Arizona v. Gant

In Arizona v. Gant, 129 S. Ct. 1710 (2009), the United States Supreme Court held that where there is no possibility that an arrestee could reach into the area that law enforcement officers seek to search, the justifications for the search-incident-to-arrest exception to the warrant requirement—protecting arresting officers and safeguarding evidence of the offense of arrest that an arrestee might conceal or destroy—are absent, and the exception does not apply.

After defendant was arrested for driving with a suspended license, handcuffed, and locked in the back of a patrol car, police searched his car and discovered cocaine in the pocket of a jacket on the backseat. When asked at the suppression hearing why the search was conducted, police responded: “Because the law says we can do it.” The Arizona Supreme Court disagree, holding that because defendant could not have accessed his car to retrieve weapons or evidence at the time of the search, the search-incident-to-arrest exception to the Fourth Amendment’s warrant requirement, as defined in Chimel v. California, 395 U.S. 752 (1969), and applied to vehicle searches in New York v. Belton, 453 U.S. 454 (1981), did not justify the search, requiring exclusion.

On certiorari, the Supreme Court began by reiterating that the “search incident to lawful arrest” exception to the Fourth Amendment’s warrant requirement “derives from interests in officer safety and evidence preservation that are typically implicated in arrest situations.” In Chimel, the Court limited the scope of such searches to “the arrestee’s person and the area within his immediate control.” This limitation ensures that the scope of a search incident to arrest is commensurate with its purposes of protecting arresting officer and safeguarding any evidence of the offense of arrest that an arrestee might conceal or destroy.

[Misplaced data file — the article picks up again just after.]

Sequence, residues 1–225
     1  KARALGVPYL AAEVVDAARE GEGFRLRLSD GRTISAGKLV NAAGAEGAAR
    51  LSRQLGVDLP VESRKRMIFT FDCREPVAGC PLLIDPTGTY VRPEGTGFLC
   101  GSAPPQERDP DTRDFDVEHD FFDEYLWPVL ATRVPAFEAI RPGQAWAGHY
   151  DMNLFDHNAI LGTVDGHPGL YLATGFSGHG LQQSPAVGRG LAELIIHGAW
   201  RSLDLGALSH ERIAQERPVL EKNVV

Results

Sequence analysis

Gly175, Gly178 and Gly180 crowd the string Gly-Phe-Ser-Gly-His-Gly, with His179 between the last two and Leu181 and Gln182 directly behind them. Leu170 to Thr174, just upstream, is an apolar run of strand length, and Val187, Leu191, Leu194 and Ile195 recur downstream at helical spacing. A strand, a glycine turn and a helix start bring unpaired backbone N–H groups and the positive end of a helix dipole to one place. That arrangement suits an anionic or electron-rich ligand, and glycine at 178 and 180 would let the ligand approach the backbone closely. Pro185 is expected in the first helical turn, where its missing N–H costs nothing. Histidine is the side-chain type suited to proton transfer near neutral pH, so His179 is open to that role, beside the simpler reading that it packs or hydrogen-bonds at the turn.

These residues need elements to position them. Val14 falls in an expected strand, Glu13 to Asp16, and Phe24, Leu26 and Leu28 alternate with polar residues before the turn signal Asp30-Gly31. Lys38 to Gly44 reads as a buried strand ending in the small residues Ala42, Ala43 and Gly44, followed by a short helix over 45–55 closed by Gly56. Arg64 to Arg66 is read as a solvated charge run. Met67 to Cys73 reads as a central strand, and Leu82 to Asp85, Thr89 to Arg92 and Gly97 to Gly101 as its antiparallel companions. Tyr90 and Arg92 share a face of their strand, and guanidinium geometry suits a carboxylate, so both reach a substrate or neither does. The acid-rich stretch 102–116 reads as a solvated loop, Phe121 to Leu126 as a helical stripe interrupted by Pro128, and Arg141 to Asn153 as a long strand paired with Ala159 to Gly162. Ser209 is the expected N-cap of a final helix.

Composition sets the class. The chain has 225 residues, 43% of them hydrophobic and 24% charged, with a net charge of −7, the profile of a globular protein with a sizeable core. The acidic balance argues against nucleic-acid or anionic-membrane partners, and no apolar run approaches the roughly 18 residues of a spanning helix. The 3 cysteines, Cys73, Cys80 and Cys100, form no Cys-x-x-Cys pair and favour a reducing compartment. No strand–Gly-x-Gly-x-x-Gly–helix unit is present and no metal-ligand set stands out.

In Belton, the Court considered Chimel’s application to the automobile context, concluding that when an officer lawfully arrests the occupant of an automobile, he may, as a contemporaneous incident of that arrest, search the passenger compartment of the automobile and any containers therein. This holding was widely understood to allow a vehicle search incident to the arrest of a recent occupant even if there is no possibility the arrestee could gain access to the vehicle at the time of the search. On finding that this broad interpretation of Belton had converted the exception into an impermissible police entitlement, the Gant Court distinguished Belton, thereby narrowing its scope. Unlike Belton, which involved a single officer confronted with four unsecured arrestees, Gant involved five officers and only three arrestees, all of whom had been handcuffed and secured in separate patrol cars before the officers searched defendant’s car. Because the circumstances in Gant met neither justification for the warrant exception—threat to officer safety or evidence—the Court deemed the search a constitutional violation, contrary to the established reading of Belton.

The Court held that Belton permits an officer to conduct a vehicle search only when an arrestee is within reaching distance of the vehicle or it is reasonable to believe the vehicle contains evidence of the offense of arrest. When these justifications are absent, a search of an arrestee’s vehicle will be unreasonable unless police obtain a warrant or show that another exception to the warrant requirement applies. Ultimately narrowing the permissible scope of searches incident to lawful arrest, the Court summarized: “Construing Belton broadly to allow vehicle searches incident to any arrest would serve no purpose except to provide a police entitlement, and it is anathema to the Fourth Amendment to permit a warrantless search on that basis.

Criminal Civil Lawyer

Jeffrey Hark is a New Jersey Civil and Criminal Lawyer.

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